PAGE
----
The acting is terrific! Alba Rohrwacher is the lead female who cohabitates with the stereotypical nice guy and yet falls for the mysterious bad boy. Not a new plot, but so well acted that you ‘go with it’. Team Nice is portrayed by Giuseppe Battiston and Team Bad by Pierfrancesco Favino (most recently in the Italian gangster flick The Tratiors-no thanks- Godfather and The Soprano are my last mafia meals).

Silvio Soldini is also responsible for “Bread and Tulips” which won a the Cannes CICAE Award which upon my Covid unrestricted research time, is an organization that helps push independent films into the mainstream.

What makes this better than most adultery themed flicks is the cinematography by Ramiro Civita. Pretty blurry night time highway scenes and the sexiest reddish toned dimly lit hotel room I’ve seen in film.

While the title makes it sound like a porno, this was a genuine story with torrid sex in the middle, which I am pretty sure was filmed on a different speed. While disrobing, the frame seems to speed up, possibly to add to the tension/friction. Overall, a realistic and stylistically quality film.

Corpus Christi, Finding a Positive Mission

In need of distraction, I took in Corpus Christi written by Mateusz Pacewicz and directed by Jan Komasa due to its high Rotten Tomato Score. And sure, the film was like a ripe banana, sweet in spots, but with an emerging brown spot.

Not sure if it’s the nascence of a new movie genre, including now One Upon a Time in Hollywood, Parasite and Uncut Gems, but add Corpus Christi to the pile of Fourth of July ending fireworks films.

And ok, it certainly makes you go out of the theater saying ‘wow’, but sometimes a tidy ending is much appreciated. We don’t need apocalyptic endings every time.

This isn’t me breaking my spoiler code either because you still have no idea what type of fireworks will happen, could be corkscrew, multi-colored or merely all white lights.

Bartosz Bielenia stars in the film and does an absolute fabulous job and I do understand the symbolism of the story line. But at this point, analogous to my not reading any novels about pandemics, I had hoped for a feel good film.

Don’t get me wrong, Corpus Christi is worth seeing, but I have to wonder about the psyche of the screenwriter. May he find salvation.

In fact, let’s all start loving each other. Right now.

Didn’t Karen Carpenter sang about this flick? “I Long To Be Cloistered You” P.O.A.L.O.F.

Ok people, here’s where I go against the grain, AGAIN, and say reviewers, you are so predictable. Pander to feminists and you’ll get the glory.
If you’re stuck in a castle with two other women, you can guess that two will eventually hook up, hence my blog title about being cloistered.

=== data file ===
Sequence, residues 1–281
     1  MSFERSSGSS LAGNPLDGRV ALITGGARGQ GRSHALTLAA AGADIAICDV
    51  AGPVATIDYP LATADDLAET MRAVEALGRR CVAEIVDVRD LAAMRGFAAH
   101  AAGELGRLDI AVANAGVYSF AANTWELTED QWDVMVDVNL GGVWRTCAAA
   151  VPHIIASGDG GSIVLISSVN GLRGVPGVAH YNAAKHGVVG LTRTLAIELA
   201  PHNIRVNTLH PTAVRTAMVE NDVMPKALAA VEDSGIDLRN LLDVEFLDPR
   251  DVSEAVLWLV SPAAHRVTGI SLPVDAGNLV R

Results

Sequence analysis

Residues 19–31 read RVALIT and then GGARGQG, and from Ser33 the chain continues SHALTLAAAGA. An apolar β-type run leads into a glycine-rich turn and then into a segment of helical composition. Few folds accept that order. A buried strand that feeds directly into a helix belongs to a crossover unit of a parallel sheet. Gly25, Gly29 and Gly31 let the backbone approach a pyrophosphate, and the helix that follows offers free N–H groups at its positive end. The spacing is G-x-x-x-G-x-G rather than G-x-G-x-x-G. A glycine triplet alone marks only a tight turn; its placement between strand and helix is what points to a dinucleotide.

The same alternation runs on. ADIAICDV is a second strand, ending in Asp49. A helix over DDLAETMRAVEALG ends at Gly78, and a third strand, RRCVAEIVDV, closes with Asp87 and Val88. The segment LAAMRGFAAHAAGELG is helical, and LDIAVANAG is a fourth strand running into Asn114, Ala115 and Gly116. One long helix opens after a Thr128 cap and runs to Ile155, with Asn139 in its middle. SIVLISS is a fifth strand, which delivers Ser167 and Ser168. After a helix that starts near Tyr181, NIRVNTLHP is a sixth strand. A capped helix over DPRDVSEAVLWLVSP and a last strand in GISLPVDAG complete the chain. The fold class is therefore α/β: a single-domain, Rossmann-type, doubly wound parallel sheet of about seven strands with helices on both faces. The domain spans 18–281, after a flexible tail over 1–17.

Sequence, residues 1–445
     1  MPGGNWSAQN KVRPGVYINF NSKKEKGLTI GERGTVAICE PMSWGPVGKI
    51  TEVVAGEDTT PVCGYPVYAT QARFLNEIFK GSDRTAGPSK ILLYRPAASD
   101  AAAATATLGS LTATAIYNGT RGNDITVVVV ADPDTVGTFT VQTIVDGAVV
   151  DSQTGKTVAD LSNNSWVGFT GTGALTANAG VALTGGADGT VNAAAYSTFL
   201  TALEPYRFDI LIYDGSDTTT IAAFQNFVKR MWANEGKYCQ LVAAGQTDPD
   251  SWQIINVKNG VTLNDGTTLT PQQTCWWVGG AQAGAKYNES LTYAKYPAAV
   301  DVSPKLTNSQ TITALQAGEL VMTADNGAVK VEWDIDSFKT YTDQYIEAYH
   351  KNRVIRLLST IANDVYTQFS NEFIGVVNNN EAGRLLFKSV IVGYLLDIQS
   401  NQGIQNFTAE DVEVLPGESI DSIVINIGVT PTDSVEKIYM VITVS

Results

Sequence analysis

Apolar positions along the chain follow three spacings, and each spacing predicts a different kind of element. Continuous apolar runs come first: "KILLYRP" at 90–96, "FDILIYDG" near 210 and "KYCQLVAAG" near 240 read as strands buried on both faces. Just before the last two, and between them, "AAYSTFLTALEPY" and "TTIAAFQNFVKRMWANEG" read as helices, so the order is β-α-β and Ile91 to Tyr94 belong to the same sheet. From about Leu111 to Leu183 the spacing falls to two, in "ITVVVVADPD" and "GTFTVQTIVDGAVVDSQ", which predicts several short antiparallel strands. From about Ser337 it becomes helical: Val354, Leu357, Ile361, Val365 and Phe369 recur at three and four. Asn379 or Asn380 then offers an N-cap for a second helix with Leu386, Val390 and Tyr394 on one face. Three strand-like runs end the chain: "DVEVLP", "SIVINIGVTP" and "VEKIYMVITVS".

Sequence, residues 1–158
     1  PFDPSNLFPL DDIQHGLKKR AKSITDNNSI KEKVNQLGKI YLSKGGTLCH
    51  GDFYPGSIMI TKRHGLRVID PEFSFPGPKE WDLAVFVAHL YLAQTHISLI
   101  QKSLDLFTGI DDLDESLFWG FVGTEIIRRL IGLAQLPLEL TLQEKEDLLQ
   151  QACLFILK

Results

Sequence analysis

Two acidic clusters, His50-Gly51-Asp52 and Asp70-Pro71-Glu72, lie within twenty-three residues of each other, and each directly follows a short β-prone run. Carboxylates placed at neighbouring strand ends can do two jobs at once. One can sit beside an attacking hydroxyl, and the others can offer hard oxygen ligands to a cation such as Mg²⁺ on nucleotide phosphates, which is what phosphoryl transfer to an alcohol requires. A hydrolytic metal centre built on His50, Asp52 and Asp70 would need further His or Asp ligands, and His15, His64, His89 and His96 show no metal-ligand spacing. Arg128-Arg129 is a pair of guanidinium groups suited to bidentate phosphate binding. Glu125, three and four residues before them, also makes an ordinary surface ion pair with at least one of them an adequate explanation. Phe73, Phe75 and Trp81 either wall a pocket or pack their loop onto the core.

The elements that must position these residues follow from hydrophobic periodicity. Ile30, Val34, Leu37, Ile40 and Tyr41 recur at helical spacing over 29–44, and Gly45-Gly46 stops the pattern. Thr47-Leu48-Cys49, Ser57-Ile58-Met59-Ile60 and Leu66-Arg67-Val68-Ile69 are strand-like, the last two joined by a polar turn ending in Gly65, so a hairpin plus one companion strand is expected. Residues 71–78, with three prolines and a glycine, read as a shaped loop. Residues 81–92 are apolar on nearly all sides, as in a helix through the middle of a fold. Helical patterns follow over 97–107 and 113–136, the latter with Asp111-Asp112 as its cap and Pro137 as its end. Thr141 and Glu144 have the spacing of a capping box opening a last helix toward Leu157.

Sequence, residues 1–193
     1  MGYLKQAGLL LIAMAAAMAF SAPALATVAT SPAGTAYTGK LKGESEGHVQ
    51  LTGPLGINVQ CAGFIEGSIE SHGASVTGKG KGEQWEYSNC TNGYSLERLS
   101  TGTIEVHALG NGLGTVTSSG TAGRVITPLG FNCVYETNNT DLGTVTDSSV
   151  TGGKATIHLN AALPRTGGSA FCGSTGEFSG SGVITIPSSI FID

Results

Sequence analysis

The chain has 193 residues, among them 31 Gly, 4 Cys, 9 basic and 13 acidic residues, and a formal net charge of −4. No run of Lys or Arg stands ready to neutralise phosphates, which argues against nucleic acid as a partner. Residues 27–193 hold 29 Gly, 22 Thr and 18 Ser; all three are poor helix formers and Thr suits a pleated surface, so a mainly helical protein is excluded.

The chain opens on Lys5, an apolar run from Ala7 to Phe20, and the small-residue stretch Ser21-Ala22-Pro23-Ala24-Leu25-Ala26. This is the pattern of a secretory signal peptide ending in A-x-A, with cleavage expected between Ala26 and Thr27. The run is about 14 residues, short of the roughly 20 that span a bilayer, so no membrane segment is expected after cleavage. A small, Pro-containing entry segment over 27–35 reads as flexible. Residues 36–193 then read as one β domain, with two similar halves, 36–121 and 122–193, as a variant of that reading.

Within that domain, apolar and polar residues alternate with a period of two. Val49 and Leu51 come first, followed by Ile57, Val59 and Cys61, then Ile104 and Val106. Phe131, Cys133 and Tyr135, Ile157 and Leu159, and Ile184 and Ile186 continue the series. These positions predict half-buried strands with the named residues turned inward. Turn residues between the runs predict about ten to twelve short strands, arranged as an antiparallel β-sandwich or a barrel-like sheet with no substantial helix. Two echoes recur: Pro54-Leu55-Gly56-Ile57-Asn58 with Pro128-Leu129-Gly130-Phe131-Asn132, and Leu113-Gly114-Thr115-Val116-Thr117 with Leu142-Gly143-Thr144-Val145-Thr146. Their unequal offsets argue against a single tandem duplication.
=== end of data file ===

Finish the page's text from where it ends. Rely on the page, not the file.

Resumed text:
Don’t get me wrong, Portrait of a Lady on Fire isn’t horrible. As a study of an artist, the film does draw you in (nyuk, nyuk, nyuk). I was intrigued by the concept of the painter owning the image of the muse, when the muse just as equally owns the painter’s attention. This balance of power was novel to me.

I also cared about the painter Marianne (acted with panache Noemie Merlant) and I also felt for the other two female leads; the muse Heloise (portrayed with perfection by Adele Haenel) and Sophie, the servant/waif (Luana Bajrami).

I respect Celine Sciamma’s vision to capture the essence of two people falling in love and did feel the passion to some extent. I also appreciated and was moved by how the women took care of one another.

What was missing was more story for the length and pacing of the film. I was bored in the first five minutes in the creaking castle. There were many dead spaces in the recurrent crackling fires and beach walks.

My First Foray into Luis Bunuel: “The Discreet Charm of the Bourgeoisie”

This offering was presented to me after an astute lady referenced Bunuel in comparison to Bong Joon Ho. I had heard Bunuel’s name certainly, but not his work. Thus I went for his winner of the 1973 Best Foreign Film, “The Discreet Charm of the Bourgeoisie”.

I like social and economic class satire (a recent book by Stephen Wright Processed Cheese was certainly a hoot) and thought Parasite was very thought provoking especially in its statement on space and housing. We know living in Sarasota that we have a disparity between multi-million dollar and multi home/condo owners and the homeless. Mixed in the middle are people living in the lower number streets and we middle classers sandwiched among what I’ll term, old, golden parachuters, along with the well kept widowed and divorced. types. Point being I’m always up for an undercover look.

Bunuel went further into the sociopolitical nature of wealth and mental health or lack thereof. What struck me most about the absurdist plot was the distractions faced by the three couples. The frenzied nature of dinner interruptions, coitus interruptus, and murder turned dream sequences had a prescient notion to our current technology laden distraction.

Besides that familiarity, and the old adage that wealth protects one from legal trouble, I did not feel this film was special or transcendent. Perhaps once I see his other nominated film The Obscure Object of Desire or Tristana, I will feel differently. Until then, adios and au revoir.